To bring even greater visibility to the Short North as a bona fide art district, Czech also envisions moving the Goodale Park Arts Festival to High Street and renaming it the Short North Art District Festival.
An aggressively supported art district in Columbus, Czech believes, would be more visible and could more easily be promoted on the international art market. With the status of an international art center, Columbus would be nicely situated to bring in more revenue from overseas art investors than it currently does.
“I think the Short North should be more international,” Czech said. “I see possibly working together with Ohio State and Columbus College of Art and Design on an exhibit of international art students’ work, or working with Columbus’ European sister cities to display the work of artists from those places.”
In theory, the international artists invited to show their work in Columbus would then spread the word about Columbus’ Short North with other artists overseas.
Living Structure, by Roman Czech.
Although many planks in Czech’s platform to develop Columbus into a global art center focus on international artists, he also hopes to see stronger support for local artists. To this end, Czech himself has worked to foster local talent. In 2005 Czech converted a Short North-area warehouse into artists’ studio space. The venture, called BEDISCOVERED, was intended not only to give emerging Columbus artists space in which to create and display their artwork, but also to bring them together into a professional network and to integrate that network into the greater community.
“I created this type of place there because I felt that a group of people has more to offer than one individual,” Czech said.
The 4,000 square-foot warehouse is an open space with small nooks created by partitions. A small courtyard will serve as a venue for outdoor performances. BEDISCOVERED will be open to the public several times each year, including during Gallery Hops.
One of the first two tenants of BEDISCOVERED has in every way embraced Czech’s concept of bringing artists and the community together in a place devoted to creativity and innovation. Darren Grundey, a graduate of the Rhode Island School of Design and the Ohio State University, had rented studio space at a different facility before coming to BEDISCOVERED. When his former studio space closed, Grundey was left without space for his canvases, so his work went “totally conceptual.” He stopped producing art and focused his energies on conceiving the Columbus New Eden project, a venture that, if implemented, would endeavor to bring about a cultural renaissance in Columbus on the Whittier Peninsula.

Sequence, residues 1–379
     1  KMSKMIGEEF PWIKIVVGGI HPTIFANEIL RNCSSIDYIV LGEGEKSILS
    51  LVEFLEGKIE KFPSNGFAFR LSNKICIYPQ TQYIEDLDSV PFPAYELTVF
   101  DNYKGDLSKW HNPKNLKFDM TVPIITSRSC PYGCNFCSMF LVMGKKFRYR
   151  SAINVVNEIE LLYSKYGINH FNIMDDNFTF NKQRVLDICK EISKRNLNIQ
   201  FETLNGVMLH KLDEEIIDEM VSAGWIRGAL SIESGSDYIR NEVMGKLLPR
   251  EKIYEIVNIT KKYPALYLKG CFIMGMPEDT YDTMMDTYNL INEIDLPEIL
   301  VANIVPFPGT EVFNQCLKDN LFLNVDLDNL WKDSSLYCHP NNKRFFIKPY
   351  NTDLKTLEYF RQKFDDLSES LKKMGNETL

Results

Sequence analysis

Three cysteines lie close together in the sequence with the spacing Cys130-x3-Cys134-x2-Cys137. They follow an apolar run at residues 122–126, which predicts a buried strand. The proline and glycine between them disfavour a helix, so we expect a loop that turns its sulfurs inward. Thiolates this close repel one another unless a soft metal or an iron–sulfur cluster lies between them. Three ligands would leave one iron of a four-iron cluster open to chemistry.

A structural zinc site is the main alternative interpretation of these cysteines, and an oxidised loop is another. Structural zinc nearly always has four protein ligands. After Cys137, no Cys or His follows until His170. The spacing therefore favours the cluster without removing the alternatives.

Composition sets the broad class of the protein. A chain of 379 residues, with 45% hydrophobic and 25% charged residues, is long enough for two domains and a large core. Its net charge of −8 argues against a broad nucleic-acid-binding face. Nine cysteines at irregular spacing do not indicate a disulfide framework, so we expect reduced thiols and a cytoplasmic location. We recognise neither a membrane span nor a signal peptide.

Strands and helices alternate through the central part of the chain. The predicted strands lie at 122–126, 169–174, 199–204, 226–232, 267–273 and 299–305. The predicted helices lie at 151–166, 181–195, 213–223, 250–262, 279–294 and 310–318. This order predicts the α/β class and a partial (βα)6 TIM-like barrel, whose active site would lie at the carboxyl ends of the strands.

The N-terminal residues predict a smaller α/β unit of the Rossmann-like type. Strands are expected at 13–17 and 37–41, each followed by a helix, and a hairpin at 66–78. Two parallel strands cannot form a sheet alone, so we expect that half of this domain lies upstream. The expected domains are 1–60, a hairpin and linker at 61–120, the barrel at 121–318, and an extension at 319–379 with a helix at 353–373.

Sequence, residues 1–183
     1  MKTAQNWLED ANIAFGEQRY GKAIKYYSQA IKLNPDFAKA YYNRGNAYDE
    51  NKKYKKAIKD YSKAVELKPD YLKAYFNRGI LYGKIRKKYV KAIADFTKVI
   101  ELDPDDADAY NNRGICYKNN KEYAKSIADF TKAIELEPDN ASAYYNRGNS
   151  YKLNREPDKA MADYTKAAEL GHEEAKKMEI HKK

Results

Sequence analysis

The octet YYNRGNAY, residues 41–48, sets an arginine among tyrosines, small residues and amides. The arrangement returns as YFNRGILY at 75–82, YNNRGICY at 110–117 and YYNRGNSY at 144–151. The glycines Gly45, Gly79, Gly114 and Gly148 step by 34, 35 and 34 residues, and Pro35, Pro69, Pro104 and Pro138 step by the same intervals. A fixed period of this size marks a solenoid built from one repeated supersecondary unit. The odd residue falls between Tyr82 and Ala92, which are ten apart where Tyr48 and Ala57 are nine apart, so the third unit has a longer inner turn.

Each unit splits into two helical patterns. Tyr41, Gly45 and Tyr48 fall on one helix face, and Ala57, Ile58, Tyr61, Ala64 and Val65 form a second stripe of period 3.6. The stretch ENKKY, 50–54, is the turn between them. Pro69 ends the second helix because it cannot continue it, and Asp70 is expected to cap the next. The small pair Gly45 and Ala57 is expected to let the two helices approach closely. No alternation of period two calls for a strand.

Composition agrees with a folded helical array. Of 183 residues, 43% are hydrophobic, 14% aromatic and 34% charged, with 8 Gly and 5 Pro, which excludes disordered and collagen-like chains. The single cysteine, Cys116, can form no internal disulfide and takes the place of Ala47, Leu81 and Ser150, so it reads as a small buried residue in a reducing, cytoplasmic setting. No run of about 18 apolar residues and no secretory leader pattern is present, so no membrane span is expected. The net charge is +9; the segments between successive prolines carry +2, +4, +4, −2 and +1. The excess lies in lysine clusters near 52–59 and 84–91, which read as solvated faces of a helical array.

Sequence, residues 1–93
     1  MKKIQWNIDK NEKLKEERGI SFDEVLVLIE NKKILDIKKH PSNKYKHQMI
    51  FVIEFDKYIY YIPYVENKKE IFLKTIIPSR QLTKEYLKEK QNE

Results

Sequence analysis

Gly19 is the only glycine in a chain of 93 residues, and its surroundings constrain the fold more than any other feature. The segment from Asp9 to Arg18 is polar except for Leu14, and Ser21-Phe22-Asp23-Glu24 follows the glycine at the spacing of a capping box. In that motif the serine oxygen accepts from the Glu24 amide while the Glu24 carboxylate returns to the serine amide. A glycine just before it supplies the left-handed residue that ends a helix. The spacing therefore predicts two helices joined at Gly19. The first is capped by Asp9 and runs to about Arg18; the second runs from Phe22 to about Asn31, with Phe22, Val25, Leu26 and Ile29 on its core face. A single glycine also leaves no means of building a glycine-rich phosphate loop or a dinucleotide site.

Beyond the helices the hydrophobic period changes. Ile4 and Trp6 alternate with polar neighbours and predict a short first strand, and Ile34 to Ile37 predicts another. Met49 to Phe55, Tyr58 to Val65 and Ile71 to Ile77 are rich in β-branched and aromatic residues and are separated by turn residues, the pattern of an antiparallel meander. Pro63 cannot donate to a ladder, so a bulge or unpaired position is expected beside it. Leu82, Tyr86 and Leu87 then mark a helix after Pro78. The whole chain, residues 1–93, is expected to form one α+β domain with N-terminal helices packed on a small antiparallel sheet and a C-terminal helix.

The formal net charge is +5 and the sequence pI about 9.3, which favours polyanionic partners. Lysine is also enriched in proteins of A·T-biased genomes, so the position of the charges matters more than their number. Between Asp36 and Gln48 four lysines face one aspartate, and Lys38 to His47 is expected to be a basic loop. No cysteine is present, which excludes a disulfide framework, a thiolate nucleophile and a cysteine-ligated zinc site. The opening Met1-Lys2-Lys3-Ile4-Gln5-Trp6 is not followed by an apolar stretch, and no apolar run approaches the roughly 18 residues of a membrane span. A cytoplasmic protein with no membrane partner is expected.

Now renting space in BEDISCOVERED, Grundey is again creating paintings, collages and installation pieces, but continues to ruminate over why it is so difficult to be an artist in Columbus.
“There’s wonderful talent here, but it has to migrate elsewhere to survive,” Grundey said. “ You can’t have economic prosperity without the arts. The economics are here, but (corporations and agencies) are not focusing their energies in the right direction.”
As one way of supporting local artists, Czech would like to see more opportunities for artists to display their art in public spaces around town, as part of large outdoor festivals like those at Chicago’s Navy Pier, or even in permanent installations.
“Chicago is a city in love with art,” Czech said. “Every time I go to the city, they are having Navy Pier week, with large-scale sculpture installations. I see the potential to pick up this idea from Navy Pier and give the opportunity for some Columbus artists to create sculpture or installation pieces.”
Czech stops far short of calling his thoughts about the Short North a plan, and he admits that some of his ideas are a little unusual. “This may be a little different, but what if we charged every car $2.00 to drive through the Short North on High Street on Gallery Hop nights?” he asked with a whimsical twinkle in his eye. Still, You have to start somewhere. Czech’s thoughts about Columbus’ future may just lead to big ideas and solid plans which, in turn, may lead to new growth and the development of a progressive art center right in Middle America.
But as committed as Czech may be to ensuring that art in Columbus has a future, he is at least equally committed to ensuring that art – wherever – has a future. If Columbus also benefits from this passion, then we all can share in Czech’s success.
“My soul is totally dedicated to art,’ Czech said. “I think the Short North could make a powerful statement for the community.”
Editor's Note: The 507 N. High St. space closed in February 2010.
elements of Art-Gallery is located at 507 N. High St.
Hours are Monday through Friday 10:30 a.m. to 4 p.m.; Saturday 10 a.m. to 2 p.m.
For more information about BEDISCOVERED studio spaces or “Be Part of the Art” dining,
call Roman Czech at 614-324-9030 or 614-353-1634 or email firstname.lastname@example.org
©2006 Short North Gazette, Columbus, Ohio. All rights received.